Watching this very old piece of footage (wasn’t the colour poor in those days) reminded me of the very locations where I spent time last week, as in a city of canals the street pattern of central Amsterdam hasn’t changed much in about 400 years. The best thing about the show Van der Valk however was its very memorable theme tune, Eye Level, composed by Jack Trombey and played by the Simon Park Orchestra. Unbelievably, it even reached the UK Chart’s No. 1 spot back in 1973. I’m pretty sure that just couldn’t happen today but I still remember them well appearing on ToTP, as those were the days when I religiously taped the show on my little cassette recorder and carefully entered all the chart positions, in my “Chart Positions Notebook”!

thBut what did we get up to last week? The big irony of course was that despite the fact that Mr WIAA and I were also celebrating our Silver Wedding Anniversary, off I went gallivanting with one of my best female friends. It had all been booked a long time ago and the bad timing was down to that old chestnut, the annual leave window. Of course I am no longer even in the job that I couldn’t get leave from at any other time, but no matter, Mr WIAA was more than happy to hold down the fort and is now promised a trip of his own sometime soon.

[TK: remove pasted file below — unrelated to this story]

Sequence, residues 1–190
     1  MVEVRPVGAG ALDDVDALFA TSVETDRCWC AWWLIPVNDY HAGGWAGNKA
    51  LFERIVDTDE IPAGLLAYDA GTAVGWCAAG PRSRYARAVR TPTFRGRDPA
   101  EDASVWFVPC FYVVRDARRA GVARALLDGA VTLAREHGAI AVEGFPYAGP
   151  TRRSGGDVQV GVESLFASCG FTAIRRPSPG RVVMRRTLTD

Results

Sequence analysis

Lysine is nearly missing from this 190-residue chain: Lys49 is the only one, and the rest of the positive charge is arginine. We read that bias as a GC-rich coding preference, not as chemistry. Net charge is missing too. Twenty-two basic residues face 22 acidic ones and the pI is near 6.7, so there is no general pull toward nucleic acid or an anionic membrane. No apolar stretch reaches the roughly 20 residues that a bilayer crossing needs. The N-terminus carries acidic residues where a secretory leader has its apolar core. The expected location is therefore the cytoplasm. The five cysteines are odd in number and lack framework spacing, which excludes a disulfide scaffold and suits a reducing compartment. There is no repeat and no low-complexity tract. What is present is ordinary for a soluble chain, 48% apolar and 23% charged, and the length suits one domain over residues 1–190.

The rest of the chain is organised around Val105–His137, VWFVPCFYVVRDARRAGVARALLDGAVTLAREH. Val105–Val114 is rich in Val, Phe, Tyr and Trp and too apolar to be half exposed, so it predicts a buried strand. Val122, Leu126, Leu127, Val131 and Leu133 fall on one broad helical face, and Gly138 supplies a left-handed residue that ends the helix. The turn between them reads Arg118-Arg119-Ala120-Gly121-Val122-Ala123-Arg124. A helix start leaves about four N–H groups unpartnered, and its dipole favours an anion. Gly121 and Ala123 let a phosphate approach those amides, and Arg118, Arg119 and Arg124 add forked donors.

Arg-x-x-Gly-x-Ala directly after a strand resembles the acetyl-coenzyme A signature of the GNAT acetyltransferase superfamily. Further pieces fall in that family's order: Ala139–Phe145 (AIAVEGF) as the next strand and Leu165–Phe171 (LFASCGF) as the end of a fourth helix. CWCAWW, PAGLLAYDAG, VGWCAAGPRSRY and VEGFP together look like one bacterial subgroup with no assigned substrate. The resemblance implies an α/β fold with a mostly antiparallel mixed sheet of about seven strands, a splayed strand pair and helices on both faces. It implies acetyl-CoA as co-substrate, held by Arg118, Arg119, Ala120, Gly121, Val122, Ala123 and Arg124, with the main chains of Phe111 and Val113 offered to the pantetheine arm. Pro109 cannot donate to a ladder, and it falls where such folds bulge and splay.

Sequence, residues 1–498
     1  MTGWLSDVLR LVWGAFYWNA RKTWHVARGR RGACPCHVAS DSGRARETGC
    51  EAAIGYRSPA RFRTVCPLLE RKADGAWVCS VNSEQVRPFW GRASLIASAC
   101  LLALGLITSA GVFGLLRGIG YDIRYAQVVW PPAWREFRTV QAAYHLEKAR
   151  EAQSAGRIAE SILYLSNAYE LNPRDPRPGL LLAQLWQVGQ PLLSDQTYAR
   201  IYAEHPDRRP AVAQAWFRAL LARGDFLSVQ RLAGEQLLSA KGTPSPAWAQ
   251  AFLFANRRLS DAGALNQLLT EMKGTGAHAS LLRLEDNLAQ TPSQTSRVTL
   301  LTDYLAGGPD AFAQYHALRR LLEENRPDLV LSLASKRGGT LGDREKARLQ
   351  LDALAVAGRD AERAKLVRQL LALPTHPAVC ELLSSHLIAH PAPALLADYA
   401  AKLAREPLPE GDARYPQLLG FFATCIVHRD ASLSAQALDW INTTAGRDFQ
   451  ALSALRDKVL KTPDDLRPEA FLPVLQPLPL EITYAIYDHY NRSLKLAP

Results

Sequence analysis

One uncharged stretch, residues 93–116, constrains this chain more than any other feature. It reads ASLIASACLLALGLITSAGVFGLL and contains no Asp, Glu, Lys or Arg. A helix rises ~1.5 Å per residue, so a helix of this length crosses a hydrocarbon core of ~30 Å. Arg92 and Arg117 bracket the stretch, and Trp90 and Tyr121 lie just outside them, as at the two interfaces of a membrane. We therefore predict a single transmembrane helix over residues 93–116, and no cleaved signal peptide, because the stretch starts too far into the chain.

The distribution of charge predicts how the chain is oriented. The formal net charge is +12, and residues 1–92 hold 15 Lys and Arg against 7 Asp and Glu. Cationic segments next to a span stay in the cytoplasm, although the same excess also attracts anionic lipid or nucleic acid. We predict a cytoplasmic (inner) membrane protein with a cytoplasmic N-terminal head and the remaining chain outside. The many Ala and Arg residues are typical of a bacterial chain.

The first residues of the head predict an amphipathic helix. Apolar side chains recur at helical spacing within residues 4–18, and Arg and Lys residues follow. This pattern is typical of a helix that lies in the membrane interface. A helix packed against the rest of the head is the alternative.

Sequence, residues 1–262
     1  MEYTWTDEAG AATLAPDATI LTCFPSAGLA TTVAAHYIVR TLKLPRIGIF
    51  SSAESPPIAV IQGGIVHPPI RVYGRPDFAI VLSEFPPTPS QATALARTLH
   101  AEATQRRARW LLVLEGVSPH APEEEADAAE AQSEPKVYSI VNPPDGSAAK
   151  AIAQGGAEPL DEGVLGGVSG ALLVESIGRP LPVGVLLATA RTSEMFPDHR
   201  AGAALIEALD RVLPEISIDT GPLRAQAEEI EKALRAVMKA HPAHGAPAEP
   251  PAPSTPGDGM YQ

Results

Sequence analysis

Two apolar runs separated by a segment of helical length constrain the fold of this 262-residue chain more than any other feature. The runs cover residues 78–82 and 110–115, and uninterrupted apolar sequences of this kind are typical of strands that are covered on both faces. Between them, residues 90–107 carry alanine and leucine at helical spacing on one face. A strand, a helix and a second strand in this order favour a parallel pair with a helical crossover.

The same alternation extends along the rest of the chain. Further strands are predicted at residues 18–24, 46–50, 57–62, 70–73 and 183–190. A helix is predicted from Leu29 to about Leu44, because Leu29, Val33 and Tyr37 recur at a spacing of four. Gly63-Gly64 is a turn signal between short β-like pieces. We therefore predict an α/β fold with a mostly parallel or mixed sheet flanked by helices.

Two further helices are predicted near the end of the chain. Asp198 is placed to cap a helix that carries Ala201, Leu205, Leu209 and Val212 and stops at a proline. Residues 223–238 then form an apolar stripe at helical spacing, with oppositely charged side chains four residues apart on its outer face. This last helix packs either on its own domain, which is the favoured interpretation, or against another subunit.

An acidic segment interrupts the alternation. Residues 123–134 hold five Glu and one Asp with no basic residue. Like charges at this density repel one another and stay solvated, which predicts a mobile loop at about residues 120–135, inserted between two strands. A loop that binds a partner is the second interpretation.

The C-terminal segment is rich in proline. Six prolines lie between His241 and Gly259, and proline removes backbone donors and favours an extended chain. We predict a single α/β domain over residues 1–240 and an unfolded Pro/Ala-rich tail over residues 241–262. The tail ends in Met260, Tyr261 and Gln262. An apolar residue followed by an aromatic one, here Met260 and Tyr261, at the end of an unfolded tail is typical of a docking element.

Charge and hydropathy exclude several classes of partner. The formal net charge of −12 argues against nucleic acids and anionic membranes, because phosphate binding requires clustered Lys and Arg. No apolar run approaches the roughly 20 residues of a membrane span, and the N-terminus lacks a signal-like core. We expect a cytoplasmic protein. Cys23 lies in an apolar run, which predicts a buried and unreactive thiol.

Day 1: Headed down to Dam Square where an enormous Ferris Wheel was in operation – Great to get a view of the whole city I thought not realising that my poor friend has a massive fear of such things. She did it though and yes, we did get a great view of the whole city.